Nothing to hide
Four former intelligence professionals, including winners of the Sam Adams Awards for Integrity in Intelligence, reveal their views on whistle-blowing and the legitimate secrecy in democratic societies. By Judith Bruhn and Josh Black.
Snowden, who leaked details of top-secret U.S. surveillance programs, dropped out of sight in Hong Kong on Monday 10 June 2013 ahead of a likely push by the U.S. government to have him sent back to the United States to face charges. (REUTERS/Bobby Yip)
Technological advances have led to new kinds of data allowing often more invasive insights into our lives and work, and becoming susceptible to leaks. Greater quantities of data are being held in fewer locations, In early June 2013 Edward Snowden leaked information regarding the scale of surveillance conducted by the US National Security Agency (NSA), including data apparently obtained directly from internet giants like Google, Facebook and Apple and telephone networks like Verizon.
“I have no intention of hiding who I am because I have done nothing wrong”, Snowden, a former technical assistant for the CIA, said. We spoke to several former intelligence professionals and whistle-blowers, exploring some of the reasons for and against whistle-blowing.
In what circumstances is it right to reveal secret information?
Unlike the United Kingdom, America has no Official Secrets Act. Instead, most serving officers are required to take an oath to the Constitution, giving the potential whistle-blower a greater role in interpreting whether a leak is justified.
Thomas Drake went so far as to call whistle-blowers the ‘canary in the constitutional coal mine,’ although Thomas Fingar was at pains to emphasise the fact that officials are obliged to report waste, incompetence and abuse and that all branches of government have procedures for raising other kinds of concerns.
What secrets are worth keeping?
Secrecy laws should never serve to suppress evidence of political or military failures. During the Vietnam War, the Pentagon Papers exposed for the first time mistakes made by the federal government. Until revealed by Daniel Ellsberg, congressmen were often unable to access the information, hindering their ability to make policy judgements. As Thomas Drake reminded us, quoting Benjamin Franklin, “those who surrender freedom for security will not have, nor do they deserve, either one.”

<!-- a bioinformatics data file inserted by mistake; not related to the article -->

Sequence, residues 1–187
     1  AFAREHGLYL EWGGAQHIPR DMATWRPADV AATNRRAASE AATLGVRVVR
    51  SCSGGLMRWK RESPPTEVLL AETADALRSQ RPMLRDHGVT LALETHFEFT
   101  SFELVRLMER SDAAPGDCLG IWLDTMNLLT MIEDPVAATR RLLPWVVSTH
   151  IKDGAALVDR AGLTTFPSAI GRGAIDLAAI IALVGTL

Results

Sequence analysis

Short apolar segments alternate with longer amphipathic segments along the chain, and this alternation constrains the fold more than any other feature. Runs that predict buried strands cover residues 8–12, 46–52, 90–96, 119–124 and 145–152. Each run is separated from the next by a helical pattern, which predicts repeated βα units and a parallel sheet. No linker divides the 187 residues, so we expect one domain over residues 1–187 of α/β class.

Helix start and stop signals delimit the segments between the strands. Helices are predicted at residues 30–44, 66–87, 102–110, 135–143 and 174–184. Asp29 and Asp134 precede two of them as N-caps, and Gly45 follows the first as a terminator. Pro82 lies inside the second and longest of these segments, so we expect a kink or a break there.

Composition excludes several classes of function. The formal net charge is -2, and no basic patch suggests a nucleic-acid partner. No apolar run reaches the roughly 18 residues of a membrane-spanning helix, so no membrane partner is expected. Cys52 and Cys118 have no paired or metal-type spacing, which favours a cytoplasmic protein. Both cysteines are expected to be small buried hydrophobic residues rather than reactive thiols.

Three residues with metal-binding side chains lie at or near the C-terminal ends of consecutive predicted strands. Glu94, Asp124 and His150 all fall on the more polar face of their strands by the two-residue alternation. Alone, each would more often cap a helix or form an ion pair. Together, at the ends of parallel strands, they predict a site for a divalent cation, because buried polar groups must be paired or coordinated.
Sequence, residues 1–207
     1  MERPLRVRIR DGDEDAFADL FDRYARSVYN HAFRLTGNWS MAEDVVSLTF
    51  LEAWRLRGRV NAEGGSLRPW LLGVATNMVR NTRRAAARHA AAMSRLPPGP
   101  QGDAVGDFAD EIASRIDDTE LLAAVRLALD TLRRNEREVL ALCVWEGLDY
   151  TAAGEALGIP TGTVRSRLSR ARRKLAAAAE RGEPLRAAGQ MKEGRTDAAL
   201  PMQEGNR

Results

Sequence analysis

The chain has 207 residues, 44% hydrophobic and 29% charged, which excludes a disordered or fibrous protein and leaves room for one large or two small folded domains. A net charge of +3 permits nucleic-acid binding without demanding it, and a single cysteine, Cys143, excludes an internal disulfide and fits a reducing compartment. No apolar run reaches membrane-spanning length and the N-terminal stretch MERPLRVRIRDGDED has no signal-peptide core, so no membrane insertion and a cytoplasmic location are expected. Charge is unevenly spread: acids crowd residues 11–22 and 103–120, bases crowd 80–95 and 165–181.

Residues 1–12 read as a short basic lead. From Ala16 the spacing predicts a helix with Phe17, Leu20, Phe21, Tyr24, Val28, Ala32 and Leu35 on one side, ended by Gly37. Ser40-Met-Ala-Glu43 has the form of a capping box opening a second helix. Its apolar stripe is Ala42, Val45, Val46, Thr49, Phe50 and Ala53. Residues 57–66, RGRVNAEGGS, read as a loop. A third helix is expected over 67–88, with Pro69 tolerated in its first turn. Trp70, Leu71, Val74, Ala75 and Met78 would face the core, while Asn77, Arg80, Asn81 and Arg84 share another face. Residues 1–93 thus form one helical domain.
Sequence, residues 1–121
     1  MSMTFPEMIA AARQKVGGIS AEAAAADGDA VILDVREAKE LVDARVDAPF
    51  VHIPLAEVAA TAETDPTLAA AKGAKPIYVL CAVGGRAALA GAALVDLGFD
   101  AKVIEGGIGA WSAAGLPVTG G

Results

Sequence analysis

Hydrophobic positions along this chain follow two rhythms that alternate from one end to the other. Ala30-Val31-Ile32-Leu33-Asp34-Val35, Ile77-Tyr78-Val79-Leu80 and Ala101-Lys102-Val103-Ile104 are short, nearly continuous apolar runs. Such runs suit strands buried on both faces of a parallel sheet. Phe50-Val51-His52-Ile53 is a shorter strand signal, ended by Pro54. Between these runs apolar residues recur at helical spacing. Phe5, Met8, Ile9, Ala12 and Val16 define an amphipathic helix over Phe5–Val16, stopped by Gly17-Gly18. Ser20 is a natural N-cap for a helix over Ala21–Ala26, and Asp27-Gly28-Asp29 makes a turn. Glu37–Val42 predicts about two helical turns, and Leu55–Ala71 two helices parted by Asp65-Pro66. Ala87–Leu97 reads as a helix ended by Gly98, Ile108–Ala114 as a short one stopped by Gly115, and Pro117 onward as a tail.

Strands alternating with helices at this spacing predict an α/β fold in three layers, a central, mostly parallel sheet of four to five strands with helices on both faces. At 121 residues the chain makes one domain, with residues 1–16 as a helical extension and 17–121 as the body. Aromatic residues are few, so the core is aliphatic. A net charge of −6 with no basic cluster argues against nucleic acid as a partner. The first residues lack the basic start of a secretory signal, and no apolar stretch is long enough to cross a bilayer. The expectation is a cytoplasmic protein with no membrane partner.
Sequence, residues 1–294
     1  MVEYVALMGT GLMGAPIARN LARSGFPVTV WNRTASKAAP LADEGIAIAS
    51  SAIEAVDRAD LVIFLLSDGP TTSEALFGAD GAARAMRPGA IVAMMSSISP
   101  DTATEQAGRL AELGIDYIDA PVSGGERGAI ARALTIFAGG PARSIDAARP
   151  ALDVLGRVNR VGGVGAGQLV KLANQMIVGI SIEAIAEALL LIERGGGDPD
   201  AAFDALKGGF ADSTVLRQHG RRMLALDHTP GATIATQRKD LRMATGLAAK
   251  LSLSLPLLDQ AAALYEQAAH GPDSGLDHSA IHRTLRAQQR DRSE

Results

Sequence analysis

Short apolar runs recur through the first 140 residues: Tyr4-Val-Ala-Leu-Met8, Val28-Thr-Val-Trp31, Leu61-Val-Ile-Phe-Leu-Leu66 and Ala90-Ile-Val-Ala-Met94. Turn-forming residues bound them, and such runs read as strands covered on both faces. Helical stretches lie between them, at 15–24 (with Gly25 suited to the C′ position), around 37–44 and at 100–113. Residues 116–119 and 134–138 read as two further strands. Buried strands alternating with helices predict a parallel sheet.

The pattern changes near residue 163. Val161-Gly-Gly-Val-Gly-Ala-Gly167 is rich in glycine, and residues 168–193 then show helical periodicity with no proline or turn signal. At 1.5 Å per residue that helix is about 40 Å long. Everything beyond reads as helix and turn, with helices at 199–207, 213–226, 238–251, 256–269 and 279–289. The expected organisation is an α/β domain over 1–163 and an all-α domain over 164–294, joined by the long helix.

There are, however, instances when it is justified to keep a secret. Protecting the sources of intelligence and operational secrets – including some nuclear and military capabilities and procedures – are important to keep. The website Wikileaks was criticised for revealing information that endangered the sources of American intelligence and opposition movements as it refused to censor documents before they were put online.
Can speech be a crime?
Todd Pierce discusses the ‘crime’ of speech under the law of war. In an on-going case, the journalist Christopher Hedges is alleging that section 1021 of the National Defence Authorization Act grants the Obama administration powers that could be used to arrest critics of the government or journalists who interview terrorists on the grounds that they may be providing ‘material support’ to terrorists. Drawing the line between aiding terrorists and merely representing their views can be a difficult one, but the government has responsibilities to preserve a free press.
With this in mind, we asked whether the media is effectively informing public debate.
The media has a great responsibility to provide balanced information to enable citizens to make decisions. Thomas Fingar, who in a previous capacity was responsible for intelligence dealing with potential pandemics and forced migrations, warned that the government’s interest in disseminating information as broadly as possible was not always compatible with the media’s interest in selling newspapers. In the case of Iraq and Afghanistan Major Pierce contended that embedding journalists with troops had occasionally prevented the media from exercising independent judgement. Ray McGovern highlighted the role of independent media in providing information otherwise not reported. Online activists increasingly take up the mantle of journalism, including investigative journalism outfits, bloggers, and of course, Wikileaks.
Senior government and military officials are officially banned from accessing Wikileaks. Major Pierce pointed to reports that information contained in Wikileaks could prove his clients innocent, yet not only is he banned from viewing the site but Wikileaks is inadmissible as evidence in military trials. Concerns were expressed that Julian Assange had created a risk of chaos by naming countries that the US considered vulnerable to socio-economic or geographic shifts, thereby denying US policy makers the time needed for contingency planning.
Julian Assange gave a brief speech at the 2013 Sam Adams Award Ceremony, defending his views on intelligence and whistle-blowing:
Thomas Fingar, winner of the 2013 Sam Adams Award for Integrity in Intelligence, was hailed for his leadership of the Bureau of Intelligence and Research and co-authored the 2007 National Intelligence Estimate on Iran’s nuclear weapons programme.
Thomas Drake, the 2011 winner of the award, blew the whistle on the US government’s Trailblazer programme, arguing that its wastefulness and invasions of privacy obligated him to exercise his constitutional rights.
Ray McGovern, a former CIA analyst, has been an outspoken defender of whistle-blowers and alternative media sources.
Todd E. Pierce, a US Military Defence Counsel, is regularly called upon to represent those accused of aiding and abetting terrorists.
12 June 2013
A version of this piece was re-published on Global Voices Advocacy.